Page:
The government creation of jobs was brilliantly done during the Roosevelt administration, getting America out of the Great Depression and making us strong enough to emerge victorious in World War II. In contrast, the Republican Harding, Coolidge and Hoover administrations, which robbed the poor and gave to the rich, failed completely, leading to that depression.

Sound familiar? You bet it does. Folks, it is time to stand up, get rolling and move, with courage, strength and hope, to turn around these utterly ridiculous and tragic economic and political policies of the Republican Party.

Wil Tibby

Mount Vernon

Incremental creep

There are so many reasons to deny permission to build the liquefied petroleum gas storage tank in Searsport that one wonders about the judgment of all those bodies busily granting such permission.

It is dangerous and in a congested area. It will be a visual monstrosity with its size and constant flares on the shore of Penobscot Bay, a tourist area. It furthers our dependence on fossil fuel from the Middle East. There will be increased truck traffic along routes 1 and 3.

But it isn’t so much any one particular thing about the project which is so alarming: the height, the flares, the danger or the trucks. It is the totality. This is why supposedly neutral decision makers can be duped into giving a pass to each specific objection. LPG is not as dangerous as lots of industrial materials used in this area. We already have lots of trucks carrying explosive fuels. We already have lots of traffic on routes 1 and 3. What’s a little more?

This is the way the champions of endless development always argue. It is difficult to argue against any one specific problem because none of them are new. Thus we are subjected to the constant incremental creep at the expense of our air, water, space and sanity.

The simple logic of the process is that ultimately there will be nothing to protect. An economic system which depends upon increasing development at the expense of the biosphere is an economic system which needs to be changed.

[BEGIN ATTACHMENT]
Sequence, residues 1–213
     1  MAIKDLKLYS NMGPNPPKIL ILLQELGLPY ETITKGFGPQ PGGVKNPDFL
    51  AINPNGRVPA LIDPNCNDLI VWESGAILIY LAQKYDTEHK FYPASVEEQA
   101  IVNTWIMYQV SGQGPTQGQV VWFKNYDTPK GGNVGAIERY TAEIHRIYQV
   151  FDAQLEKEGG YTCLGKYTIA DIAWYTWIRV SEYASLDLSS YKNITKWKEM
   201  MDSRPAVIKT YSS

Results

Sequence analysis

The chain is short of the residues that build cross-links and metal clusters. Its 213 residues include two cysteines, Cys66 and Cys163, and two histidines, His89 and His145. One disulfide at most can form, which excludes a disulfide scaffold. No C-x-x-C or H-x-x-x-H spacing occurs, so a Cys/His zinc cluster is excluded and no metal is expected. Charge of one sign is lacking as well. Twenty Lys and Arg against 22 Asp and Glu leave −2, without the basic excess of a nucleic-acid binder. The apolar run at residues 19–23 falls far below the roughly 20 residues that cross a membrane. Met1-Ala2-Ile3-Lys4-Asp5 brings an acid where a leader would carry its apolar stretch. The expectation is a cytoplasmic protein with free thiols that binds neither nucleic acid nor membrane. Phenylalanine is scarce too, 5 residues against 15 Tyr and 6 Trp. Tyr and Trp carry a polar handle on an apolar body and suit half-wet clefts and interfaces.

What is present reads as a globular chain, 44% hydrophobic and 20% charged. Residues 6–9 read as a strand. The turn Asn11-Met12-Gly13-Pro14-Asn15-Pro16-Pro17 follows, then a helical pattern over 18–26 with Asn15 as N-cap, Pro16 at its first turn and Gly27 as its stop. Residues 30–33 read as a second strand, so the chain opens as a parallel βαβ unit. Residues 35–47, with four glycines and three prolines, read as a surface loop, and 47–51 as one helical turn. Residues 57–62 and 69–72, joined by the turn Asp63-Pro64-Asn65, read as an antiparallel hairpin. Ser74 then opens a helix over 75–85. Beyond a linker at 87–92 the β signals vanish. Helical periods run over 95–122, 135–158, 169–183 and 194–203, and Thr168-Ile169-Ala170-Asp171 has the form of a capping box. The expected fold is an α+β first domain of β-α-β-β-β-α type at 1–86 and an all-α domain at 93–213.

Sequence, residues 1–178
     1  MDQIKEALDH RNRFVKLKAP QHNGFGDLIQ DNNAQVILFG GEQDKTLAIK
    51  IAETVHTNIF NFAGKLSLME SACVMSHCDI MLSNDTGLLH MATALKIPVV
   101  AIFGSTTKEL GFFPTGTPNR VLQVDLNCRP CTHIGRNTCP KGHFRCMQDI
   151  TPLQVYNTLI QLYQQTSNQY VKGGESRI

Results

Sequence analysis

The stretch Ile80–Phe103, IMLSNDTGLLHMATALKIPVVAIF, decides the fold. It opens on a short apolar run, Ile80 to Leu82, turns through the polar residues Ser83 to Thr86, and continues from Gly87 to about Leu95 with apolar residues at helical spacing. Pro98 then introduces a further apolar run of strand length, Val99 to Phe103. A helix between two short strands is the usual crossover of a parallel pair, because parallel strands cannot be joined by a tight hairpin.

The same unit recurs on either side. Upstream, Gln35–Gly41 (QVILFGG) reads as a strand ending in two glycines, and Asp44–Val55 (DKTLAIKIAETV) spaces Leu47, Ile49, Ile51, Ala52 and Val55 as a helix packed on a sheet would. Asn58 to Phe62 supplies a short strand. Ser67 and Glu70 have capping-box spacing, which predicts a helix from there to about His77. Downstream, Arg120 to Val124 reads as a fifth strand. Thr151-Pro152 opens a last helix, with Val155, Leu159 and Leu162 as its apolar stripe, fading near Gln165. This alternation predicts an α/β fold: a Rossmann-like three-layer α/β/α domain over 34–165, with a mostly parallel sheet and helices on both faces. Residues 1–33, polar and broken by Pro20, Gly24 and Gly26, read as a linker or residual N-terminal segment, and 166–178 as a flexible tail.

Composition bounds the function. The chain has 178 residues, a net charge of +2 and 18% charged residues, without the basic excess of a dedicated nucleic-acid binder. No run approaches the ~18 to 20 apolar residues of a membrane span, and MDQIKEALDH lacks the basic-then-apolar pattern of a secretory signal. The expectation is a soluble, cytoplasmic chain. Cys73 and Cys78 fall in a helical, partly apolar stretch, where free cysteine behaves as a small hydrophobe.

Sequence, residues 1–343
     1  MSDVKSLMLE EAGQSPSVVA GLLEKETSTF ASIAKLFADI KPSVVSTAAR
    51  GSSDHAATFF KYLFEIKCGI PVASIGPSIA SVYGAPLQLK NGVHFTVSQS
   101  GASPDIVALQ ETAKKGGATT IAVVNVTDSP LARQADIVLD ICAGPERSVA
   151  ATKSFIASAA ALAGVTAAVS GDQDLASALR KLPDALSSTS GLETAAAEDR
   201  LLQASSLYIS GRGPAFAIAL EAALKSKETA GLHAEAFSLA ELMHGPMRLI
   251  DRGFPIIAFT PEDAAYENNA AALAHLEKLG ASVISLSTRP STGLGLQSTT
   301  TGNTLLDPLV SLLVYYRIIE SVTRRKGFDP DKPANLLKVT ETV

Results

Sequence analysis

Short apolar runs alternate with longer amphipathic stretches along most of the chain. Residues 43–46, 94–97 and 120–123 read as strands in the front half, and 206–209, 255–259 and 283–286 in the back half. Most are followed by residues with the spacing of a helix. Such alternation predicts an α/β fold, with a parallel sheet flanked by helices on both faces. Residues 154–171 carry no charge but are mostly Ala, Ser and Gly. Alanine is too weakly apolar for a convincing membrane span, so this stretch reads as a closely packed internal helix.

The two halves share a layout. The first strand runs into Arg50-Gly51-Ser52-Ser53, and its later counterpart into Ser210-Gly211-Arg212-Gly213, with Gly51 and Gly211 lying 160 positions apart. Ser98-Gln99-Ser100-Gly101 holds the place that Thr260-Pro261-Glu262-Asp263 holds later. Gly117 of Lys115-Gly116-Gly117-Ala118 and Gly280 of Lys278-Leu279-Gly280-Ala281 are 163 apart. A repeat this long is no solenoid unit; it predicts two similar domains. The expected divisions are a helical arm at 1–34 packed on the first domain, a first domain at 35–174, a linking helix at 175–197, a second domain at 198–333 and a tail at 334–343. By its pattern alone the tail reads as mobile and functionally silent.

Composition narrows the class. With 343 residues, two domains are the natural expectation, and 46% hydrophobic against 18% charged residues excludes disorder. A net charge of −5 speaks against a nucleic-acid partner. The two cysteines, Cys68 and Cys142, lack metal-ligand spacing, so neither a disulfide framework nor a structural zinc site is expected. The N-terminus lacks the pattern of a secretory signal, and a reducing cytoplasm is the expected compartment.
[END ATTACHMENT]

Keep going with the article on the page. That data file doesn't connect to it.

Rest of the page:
Larry Litchfield

Belfast

Enough of OWS

Unless I’m mistaken, I’m not the only one who could get by with less media coverage of Occupy Wall Street, Bangor, etc. I have little doubt that if media coverage stopped entirely, the occupiers would soon slink away into the darkness, seeing no reason to continue their vigils.

If what they were doing produced some real news, that would be different. However, their only message seems to be that corporations and their executives make what they think is too much money, and I haven’t heard any creative ideas coming from them to do anything about it. In fact, I haven’t heard any positive ideas coming from them at all. Their message is entirely negative.

The funny thing would be if the occupiers got what they claim they want, and every corporation went out of business. When we have no electricity, no phones, no computers, no gas or heating oil, no groceries, no fast food and no automobiles, they will be at the head of the line demanding that corporations return to take care of them.

Lawrence E. Merrill

Bangor